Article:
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National Book Award 2017 Winners Print
Active Image Southern writer Jesmyn Ward won the National Book Award for her novel Sing, Unburied, Sing about a struggling family in Mississippi. Ward also won the award in 2011 for Salvage the Bones.

"Throughout my career when I've been rejected, there was sometimes subtext, and it was this: 'People will not read your work because these are not universal stories.' I don't know if some doorkeepers felt this way because I wrote about poor people or because I wrote about black people or because I wrote about Southerners," Ward said in her award speech. "And you, my fellow writers and editors and publishing people and National Book Foundation folks who read my work, you answered plainly. You looked at me and the people I love and write about.

"I am deeply grateful to each and every one of you who reads my work and finds something that sings to you, that moves you in it. I hope to continue this conversation with you for all of our days."

Award-winning journalist Masha Gessen won the award for her nonfiction work, The Future is History: How Totalitarianism Reclaimed Russia. The book follows the lives of four people who were born in the author's native Russia at what promised to be the dawn of democracy but ended up crushed by the reemergence of the old Soviet order.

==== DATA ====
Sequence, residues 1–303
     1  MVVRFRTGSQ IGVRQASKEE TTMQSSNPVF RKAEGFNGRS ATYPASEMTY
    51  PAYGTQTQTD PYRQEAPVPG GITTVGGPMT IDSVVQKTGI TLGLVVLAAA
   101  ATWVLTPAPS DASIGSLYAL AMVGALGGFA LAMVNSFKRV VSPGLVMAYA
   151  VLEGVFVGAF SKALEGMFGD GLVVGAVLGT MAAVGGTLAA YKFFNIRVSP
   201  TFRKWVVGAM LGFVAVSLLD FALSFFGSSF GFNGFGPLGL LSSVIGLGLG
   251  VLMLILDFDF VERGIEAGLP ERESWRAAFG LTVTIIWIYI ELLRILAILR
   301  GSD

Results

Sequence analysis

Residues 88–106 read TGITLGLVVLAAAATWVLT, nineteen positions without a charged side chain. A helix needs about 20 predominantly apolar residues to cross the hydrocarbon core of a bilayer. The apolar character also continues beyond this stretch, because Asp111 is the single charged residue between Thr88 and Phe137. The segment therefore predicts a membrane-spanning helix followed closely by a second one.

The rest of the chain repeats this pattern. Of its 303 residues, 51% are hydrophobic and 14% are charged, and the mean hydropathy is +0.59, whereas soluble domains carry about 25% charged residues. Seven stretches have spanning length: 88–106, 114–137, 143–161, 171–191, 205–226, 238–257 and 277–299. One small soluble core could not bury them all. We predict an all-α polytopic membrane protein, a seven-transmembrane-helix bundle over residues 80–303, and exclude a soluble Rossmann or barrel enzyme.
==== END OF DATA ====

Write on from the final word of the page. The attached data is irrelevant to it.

Active ImageThe National Book Foundation also presented its 2017 Medal for Distinguised Contribution to American Letters to Annie Proulx in recognition of his outstanding achievement in fiction writing. 

Other winners included Frank Bidart in poetry for, Half-light: Collected poems 1965-2016, and Robin Benway for Far From the Tree in the young people's literature category.

This year's other finalists for fiction were: Dark at the Crossing by Elliot Ackerman; The Leavers by Lisa Ko; Pachinko by Min Jin Lee; and Her Body and Other Parties by Carmen Maria Machado.

The finalists for nonfiction were Never Caught by Erica Armstrong Dunbar; The Evangelicals by Frances FitzGerald; Killers of the Flower Moon by David Grann; and Democracy in Chains by Nancy MacLean.

The poetry finalists included The Book of Endings by Leslie Harrison; WHEREAS by Layli Long Soldier; In the Language of My Captor by Shane McCrae; and Don't Call Us Dead by Danez Smith.

And the finalists for young people's literature were What Girls Are Made Of by Elana K. Arnold; I Am Not Your Perfect Mexican Daughter by Erika L. Sanchez; Clayton Byrd Goes Underground by Rita Williams-Garcia; and American Street by Ibi Zoboi. blue was designed 2006 by Karsten Oltrogge:
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